Continued advances in wearable technology have afforded us unique insights into powerful predictive human performance metrics within a variety of high-profile (e.g., sports and military) naturalistic interactive settings. Typically, these innovative approaches focus almost explicitly on quantifying, optimizing and/or maintaining the execution of the underlying performance. Equally critical, however, is understanding how the human adapts, operates, and recovers between these targeted performance bouts.
Learn from Scott McLean, PhD, how you can develop a holistic and wearable-tech-driven framework through which to maximize performance outcomes, mitigate risk and support long-term behavioral success and stability.
About Scott McLean:
Scott McLean, PhD is a Senior Managing Consultant within Exponent. In that role, he utilizes a wide range of wearable technologies to support human performance readiness and execution optimization and product development and innovation. Prior to joining Exponent, Dr. McLean was the Innovation Director at Fitbit, where he led a large team in the development and verification of a number of wearable tech products. He was also previously a Biomechanics Professor at the University of Michigan, where is work focused on lower limb injury and disease mechanisms and quantifying warfighter performance in naturalistic environments. He has published more than 50 peer reviewed articles and has obtained more than $7 million dollars in national funding to support his research. He is the previous Chair of the American College of Sports Medicine Biomechanics Group and a past Executive Council Member of the International Society of Biomechanics.
With 18 months of IMU sensor use, the Human Performance Center at the University of Memphis Athletics will share their applied experiences in the application, strengths, and limitations of the sensors in a multi-sport setting.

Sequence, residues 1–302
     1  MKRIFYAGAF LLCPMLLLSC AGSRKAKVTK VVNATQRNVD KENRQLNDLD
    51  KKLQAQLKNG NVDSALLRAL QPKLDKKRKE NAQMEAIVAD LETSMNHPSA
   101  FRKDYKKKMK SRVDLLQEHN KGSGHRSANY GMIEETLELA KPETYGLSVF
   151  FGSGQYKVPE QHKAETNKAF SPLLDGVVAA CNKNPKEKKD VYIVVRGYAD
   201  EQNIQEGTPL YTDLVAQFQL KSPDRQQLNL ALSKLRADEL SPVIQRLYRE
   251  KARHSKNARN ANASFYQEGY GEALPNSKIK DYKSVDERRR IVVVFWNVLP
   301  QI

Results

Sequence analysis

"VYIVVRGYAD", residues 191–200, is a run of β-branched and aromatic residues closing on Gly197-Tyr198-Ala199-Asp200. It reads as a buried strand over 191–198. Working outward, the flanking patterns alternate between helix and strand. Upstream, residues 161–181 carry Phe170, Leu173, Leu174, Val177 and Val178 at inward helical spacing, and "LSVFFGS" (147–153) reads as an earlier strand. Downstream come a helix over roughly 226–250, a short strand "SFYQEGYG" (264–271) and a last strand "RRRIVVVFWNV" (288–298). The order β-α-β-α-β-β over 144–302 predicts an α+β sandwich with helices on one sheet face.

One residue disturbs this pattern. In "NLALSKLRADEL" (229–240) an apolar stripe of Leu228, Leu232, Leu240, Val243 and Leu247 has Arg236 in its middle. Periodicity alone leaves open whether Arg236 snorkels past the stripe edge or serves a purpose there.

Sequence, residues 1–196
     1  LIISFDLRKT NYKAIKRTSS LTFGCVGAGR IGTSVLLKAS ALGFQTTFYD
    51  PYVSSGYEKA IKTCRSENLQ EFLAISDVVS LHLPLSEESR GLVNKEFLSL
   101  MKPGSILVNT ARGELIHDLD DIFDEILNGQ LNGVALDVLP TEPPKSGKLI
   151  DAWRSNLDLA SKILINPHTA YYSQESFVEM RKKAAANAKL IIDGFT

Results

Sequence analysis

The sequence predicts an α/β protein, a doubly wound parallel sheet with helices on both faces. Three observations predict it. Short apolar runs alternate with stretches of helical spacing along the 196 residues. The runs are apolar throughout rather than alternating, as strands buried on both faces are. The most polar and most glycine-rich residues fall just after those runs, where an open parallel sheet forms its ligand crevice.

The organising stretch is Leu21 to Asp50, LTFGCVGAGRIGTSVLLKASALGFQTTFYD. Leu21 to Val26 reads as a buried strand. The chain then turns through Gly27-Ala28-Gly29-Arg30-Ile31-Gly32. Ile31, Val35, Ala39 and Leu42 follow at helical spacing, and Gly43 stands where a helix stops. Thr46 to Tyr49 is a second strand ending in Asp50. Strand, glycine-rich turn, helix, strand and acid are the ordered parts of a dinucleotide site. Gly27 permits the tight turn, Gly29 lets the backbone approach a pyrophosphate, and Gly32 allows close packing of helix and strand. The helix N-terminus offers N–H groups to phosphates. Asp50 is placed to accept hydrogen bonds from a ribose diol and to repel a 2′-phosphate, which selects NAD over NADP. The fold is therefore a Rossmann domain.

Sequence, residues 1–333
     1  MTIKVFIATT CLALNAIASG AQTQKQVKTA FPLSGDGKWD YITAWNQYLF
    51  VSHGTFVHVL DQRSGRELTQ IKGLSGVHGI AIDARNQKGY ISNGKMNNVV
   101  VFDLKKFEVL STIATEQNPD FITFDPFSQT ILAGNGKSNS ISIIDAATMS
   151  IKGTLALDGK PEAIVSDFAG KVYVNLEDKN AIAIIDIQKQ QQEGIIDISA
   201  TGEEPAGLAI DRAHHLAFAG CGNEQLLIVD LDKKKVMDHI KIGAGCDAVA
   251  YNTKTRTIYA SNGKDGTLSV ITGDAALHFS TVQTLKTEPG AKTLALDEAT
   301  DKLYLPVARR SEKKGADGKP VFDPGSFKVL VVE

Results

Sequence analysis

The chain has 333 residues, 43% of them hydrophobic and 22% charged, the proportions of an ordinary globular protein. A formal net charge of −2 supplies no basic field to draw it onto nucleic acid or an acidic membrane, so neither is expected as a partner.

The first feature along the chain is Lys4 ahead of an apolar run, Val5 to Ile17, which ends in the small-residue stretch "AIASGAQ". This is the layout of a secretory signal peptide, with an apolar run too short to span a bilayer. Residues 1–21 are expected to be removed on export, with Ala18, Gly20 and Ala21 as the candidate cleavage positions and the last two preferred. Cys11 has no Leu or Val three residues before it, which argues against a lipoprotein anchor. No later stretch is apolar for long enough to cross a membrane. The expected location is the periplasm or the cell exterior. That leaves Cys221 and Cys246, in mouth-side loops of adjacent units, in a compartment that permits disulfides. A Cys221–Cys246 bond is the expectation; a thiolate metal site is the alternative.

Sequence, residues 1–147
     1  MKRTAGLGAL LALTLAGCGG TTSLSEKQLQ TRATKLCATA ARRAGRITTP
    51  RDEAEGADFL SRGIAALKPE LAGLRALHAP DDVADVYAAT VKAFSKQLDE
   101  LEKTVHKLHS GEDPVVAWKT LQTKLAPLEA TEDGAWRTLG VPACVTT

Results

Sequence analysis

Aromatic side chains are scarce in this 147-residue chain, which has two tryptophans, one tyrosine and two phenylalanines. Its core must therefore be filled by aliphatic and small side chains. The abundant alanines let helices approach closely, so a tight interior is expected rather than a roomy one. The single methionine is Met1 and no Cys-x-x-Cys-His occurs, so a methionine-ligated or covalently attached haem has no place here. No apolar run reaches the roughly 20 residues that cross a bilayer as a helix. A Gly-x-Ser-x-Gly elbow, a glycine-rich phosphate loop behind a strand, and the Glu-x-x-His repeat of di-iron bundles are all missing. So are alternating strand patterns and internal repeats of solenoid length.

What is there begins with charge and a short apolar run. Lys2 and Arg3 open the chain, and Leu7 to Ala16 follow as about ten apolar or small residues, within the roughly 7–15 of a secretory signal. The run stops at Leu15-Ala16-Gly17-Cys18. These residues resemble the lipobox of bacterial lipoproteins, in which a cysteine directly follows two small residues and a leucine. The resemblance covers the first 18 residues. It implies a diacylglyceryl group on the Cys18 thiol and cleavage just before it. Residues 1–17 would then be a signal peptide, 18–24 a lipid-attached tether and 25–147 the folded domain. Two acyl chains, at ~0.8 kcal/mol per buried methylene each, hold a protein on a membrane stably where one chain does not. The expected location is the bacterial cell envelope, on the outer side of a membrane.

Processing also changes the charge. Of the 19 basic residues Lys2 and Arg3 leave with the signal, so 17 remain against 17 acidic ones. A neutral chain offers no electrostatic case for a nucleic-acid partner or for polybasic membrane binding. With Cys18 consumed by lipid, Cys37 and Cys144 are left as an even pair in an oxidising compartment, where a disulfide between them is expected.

The presentation shares insights from completed projects across the Division 1 campus, with key practical lessons based on the experiences of coaches, strength staff, athletic trainers and sports scientists.
Our aim is to provide details of our practical use of the sensors to spur ideas and insights from the listeners, to help you answer your own applied challenges.
As our projects originated from a variety of settings, posed by different sports and different experts, the presentation should hold useful and actionable information ready for interpretation in your own context.
Including stories from load monitoring in soccer and tennis, athlete screening in basketball, athlete rehabilitation in football and technique change in softball and cross country, the simple and straightforward interpretation of data and use of the sensors in practical settings will stimulate ideas and discussion. The presentation will include a ‘Question and Answer’ component to encourage understanding and elaboration on key topics.
About Daniel Greenwood:
Dr. Daniel Greenwood is the director of the Human Performance Center (HPC) at the University of Memphis. The HPC provides applied sport science solutions to practical questions posed by coaching, strength, and athletic training staff. Originally from Australia, he has held applied sport science roles in elite sport for over 15 years, most recently at the Australian Institute of Sport, and has a passion for using science, data, and understanding to improve athlete performance and coaching pedagogy. With a background in biomechanics and specialization in skill acquisition, Daniel’s ecological approach is evident within his research, constantly searching for practical outcomes to applied questions.
What is an inertial sensor? How do I know how sensitive my sensor should be? Where is the best place to place a sensor?
Clint Hansen breaks down the fundamentals of what an inertial sensor actually is and what they measure. He will outline how to choose the right one for your population, common pitfalls to look out for, and give examples of how to start applying the sensor data.